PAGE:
Greensboro's African American Community Newspaper since 1967

People of color needed for COVID-19 vaccine trials


As I write this article, 194,000 people have died from COVID-19 and this number grows each day. In the United States, we are losing 1,000 people per day. The numbers continuously show that we are far from controlling this highly contagious virus. The numbers are also a harbinger of the fact that in the U.S. this pandemic is far from being over. I abhor that there are models predicting a loss of life of more than 300,000 people due to COVID-19 before the end of this year. What are we to expect by the New Year? More of the same?

We are hopeful that a vaccine will be developed which will be helpful. However, we must also be realistic in considering several points. First, we must recognize that we are hopeful for a vaccine and not assured of a vaccine. Second, we must understand that a vaccine will not be 100 percent effective in all individuals. Third, if we do have an effective vaccine, it will take time to administer it to everyone willing to take it. Fourth, a vaccine takes time to work. For example, the flu vaccine typically takes two weeks to produce immunity to the flu. Fifth, not all people will be willing to be inoculated and therefore, we will need to vaccinate a certain percentage of people to achieve the goal of immunity. Sixth, it will take time to produce the amount of vaccines needed to administer to the U.S. population as well as to the rest of the world.

I think most people are aware that COVID-19 clinical trials are now being performed on several vaccines. These trials are critical to making sure that a vaccine is safe and effective. People of all ages, ethnicities and medical issues are needed for such trials. Diversity in these clinical trials is imperative in order to make sure a COVID-19 vaccine will be equally affective for everyone. As a hypertension specialist, I know that certain medications are more effective in certain groups of people. Some medications may be more effective in different age groups. So, I tailor the medication to the person I am treating, while examining these and other parameters.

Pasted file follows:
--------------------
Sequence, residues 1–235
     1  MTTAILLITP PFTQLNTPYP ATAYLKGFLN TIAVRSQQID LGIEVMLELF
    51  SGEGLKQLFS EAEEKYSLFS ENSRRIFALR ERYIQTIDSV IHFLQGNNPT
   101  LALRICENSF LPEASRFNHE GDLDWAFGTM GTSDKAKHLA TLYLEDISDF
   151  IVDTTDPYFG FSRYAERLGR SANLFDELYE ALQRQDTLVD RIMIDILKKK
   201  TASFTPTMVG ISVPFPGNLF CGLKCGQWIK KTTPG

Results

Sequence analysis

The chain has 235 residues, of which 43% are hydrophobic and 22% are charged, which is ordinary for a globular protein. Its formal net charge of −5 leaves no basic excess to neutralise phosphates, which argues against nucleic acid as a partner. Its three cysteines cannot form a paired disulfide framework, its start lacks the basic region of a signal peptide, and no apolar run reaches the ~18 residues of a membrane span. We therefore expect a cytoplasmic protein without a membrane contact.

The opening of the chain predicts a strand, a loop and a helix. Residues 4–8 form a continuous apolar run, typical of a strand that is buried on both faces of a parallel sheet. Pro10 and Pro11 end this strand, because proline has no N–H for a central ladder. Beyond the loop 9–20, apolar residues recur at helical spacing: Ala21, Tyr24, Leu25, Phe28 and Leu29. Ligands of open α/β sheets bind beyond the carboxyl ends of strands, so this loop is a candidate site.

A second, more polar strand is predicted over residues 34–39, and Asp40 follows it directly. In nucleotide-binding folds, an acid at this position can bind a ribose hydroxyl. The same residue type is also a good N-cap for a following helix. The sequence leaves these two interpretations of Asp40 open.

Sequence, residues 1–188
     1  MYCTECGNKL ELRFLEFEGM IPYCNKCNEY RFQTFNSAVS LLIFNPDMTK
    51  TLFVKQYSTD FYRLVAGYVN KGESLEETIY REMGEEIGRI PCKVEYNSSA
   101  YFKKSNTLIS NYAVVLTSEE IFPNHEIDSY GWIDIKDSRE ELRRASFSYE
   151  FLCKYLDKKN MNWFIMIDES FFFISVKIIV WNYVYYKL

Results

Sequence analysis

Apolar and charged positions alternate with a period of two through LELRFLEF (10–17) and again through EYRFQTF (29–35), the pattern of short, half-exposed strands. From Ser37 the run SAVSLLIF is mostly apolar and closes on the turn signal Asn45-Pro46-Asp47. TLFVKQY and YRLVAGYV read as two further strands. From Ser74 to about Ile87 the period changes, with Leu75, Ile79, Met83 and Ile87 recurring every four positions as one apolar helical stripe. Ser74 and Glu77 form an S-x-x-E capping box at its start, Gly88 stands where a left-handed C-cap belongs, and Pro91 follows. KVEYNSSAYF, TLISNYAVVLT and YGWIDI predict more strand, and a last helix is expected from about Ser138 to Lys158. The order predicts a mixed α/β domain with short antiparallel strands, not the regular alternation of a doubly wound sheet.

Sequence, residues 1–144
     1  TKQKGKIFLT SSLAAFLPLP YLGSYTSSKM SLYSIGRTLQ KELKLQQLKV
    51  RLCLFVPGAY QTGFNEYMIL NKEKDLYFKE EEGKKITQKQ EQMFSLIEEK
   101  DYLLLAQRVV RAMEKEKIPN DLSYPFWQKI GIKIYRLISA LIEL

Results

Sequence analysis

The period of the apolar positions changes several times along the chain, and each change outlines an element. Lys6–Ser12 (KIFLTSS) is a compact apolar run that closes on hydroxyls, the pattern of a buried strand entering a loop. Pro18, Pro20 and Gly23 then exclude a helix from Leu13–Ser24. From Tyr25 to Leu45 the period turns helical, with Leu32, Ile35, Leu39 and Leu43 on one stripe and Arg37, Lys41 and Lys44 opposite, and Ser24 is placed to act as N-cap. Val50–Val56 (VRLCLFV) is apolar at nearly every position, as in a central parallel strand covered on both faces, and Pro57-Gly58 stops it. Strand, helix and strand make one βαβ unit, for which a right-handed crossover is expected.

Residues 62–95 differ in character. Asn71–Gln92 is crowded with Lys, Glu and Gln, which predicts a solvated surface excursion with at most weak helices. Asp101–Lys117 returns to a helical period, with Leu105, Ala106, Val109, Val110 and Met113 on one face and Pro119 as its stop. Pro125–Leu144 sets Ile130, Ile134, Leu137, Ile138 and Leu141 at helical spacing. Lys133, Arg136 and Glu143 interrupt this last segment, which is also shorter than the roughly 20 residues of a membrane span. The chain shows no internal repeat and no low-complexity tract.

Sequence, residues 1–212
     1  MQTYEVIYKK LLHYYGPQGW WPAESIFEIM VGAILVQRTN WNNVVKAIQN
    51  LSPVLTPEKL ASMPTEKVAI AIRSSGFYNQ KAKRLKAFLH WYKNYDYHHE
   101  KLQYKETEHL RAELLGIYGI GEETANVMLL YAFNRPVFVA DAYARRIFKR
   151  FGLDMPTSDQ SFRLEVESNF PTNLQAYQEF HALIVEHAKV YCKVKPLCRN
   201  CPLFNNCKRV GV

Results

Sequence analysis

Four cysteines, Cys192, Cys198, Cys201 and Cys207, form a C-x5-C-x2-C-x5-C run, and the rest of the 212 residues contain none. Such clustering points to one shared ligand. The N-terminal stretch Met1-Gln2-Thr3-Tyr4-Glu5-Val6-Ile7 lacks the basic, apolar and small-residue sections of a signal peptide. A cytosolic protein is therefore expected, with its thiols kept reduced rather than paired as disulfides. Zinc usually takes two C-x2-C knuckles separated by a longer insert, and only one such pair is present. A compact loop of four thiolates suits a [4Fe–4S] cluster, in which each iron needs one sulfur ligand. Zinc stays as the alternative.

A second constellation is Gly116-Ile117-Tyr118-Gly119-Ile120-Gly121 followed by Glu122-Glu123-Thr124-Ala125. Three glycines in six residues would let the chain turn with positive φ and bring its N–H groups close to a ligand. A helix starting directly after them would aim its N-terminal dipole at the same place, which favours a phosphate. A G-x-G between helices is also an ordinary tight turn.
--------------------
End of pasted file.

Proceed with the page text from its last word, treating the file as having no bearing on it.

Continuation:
We hope that future COVID-19 vaccines will be effective in all groups of people but if diverse populations are not recruited or fail to volunteer for the clinical trials, we may not truly know a vaccine’s effectiveness.

It is well known that people of color have borne much of the burden of this horrible virus. At present, people of color have not volunteered in vast numbers to be part of the clinical trials.

Certainly, with the previous history of how people of color have been abused and used by some in the medical community, the hesitancy to join such trials is understandable.

Today there are more people in positions to assure that mistreatment is not in the formula. It is time for people of color to take their place at the table and take part in the COVID-19 clinical trials. We need to make sure the vaccines are effective in all people. Let’s take a seat at the table.

Dr. Veita Bland is a board-certified Greensboro physician and hypertension specialist. Dr. Bland’s radio show, “It’s a Matter of Your Health,” can be heard live on Wednesdays, 5:30 p.m. on N.C. A&T State University’s WNAA, 90.1 FM. Listeners may call in and ask questions. The show is replayed on Sirius 142 at 5 p.m. on Wed. Email Dr. Bland at